When Jessica Douglas became a certified Zumba instructor on her 18th birthday, she didn’t expect teaching classes over Zoom would be in her future. However, amid the COVID-19 outbreak and social distancing guidelines, online instruction has become Douglas’ new normal.
Michigan State University Recreational Sports has been hosting virtual fitness classes through Zoom since March 29. Anyone with the link, whether they attend MSU or not, can log on to a variety of classes that include yoga, Zumba, weightlifting, H.I.I.T. and ride.
Participation varies for each class and time, but Douglas, who has taught group fitness classes for seven semesters at MSU, said her Zumba sessions have had good turnout.
“I was surprised,” Douglas said. “Not going to lie, I did not think there were going to be very many, but I’ve had almost 30 participants every day, which is quite a lot.”
MSU senior Renee Rogowski instructs the virtual yoga classes. She said Recreational Sports and Fitness services staff member Rebecca Kegler spearheaded the idea to move classes online. Rogowski said the team discussed multiple platforms including Facebook and Youtube before deciding on Zoom.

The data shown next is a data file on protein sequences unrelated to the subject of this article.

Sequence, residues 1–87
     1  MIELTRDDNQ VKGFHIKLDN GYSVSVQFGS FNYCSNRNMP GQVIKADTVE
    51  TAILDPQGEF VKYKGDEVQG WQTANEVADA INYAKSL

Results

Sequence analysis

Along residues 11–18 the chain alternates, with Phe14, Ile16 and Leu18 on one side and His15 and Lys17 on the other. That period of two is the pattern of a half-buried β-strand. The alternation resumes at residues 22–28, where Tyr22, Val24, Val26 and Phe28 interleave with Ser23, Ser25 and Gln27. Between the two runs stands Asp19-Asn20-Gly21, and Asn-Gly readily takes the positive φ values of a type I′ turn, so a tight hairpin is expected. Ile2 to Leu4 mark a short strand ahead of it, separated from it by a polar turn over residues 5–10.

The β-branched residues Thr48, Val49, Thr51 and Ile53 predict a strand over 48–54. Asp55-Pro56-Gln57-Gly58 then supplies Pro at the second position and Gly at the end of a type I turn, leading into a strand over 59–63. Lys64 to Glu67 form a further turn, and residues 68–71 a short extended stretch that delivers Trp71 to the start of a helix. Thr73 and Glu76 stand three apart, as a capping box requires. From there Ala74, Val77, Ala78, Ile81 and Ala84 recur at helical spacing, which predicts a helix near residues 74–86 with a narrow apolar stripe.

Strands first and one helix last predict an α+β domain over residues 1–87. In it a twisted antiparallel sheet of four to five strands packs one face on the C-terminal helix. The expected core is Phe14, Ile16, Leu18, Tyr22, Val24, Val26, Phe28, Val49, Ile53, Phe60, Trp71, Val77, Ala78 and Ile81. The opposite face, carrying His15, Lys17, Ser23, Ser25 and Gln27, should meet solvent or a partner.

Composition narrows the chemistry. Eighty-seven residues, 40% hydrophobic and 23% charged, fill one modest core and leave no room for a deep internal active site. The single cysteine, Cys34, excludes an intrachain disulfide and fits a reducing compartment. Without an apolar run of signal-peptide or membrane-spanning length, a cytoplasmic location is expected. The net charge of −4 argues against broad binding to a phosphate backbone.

“What I really like about Zoom is that I’ve been able to send my link to people beyond MSU and they can join in, too,” Rogowski said.
MSU freshman Caelan Hunt has attended several of the online Zumba classes. She said she has been enjoying the experience aside from some technical disadvantages.
“I think the online version is going really well so far,” Hunt said. “The only fall is that every once in a while there’s a lag between the music and the movement, but that’s just a technology problem.”
Owen Clark, a freshman at MSU, attended every in-person Zumba class during the spring 2020 semester and was planning on applying to become an instructor before the COVID-19 outbreak.
Clark said he has attended a couple online classes but finds them harder to do compared to in-person training.
“When you’re in person you have all this energy in the room that everyone kind of feeds you,” Clark said. “When everyone is dancing and having fun, then you want to dance and have fun. When you see someone pushing themselves, it makes you want to push yourself harder. I feel like when you’re online all you can really see is (the instructor) so you don’t have all these people and this energy around you so it’s harder to push yourself.”
Rogowski said there have been several challenges when it comes to her yoga instruction as well, however her passion for instructing has remained the same.
“I wouldn’t say it’s worse and I wouldn’t say it’s better, it’s just different,” Rogowski said. “I’m excited to have a change of pace and to be sharing yoga during a time when people can really benefit from it.”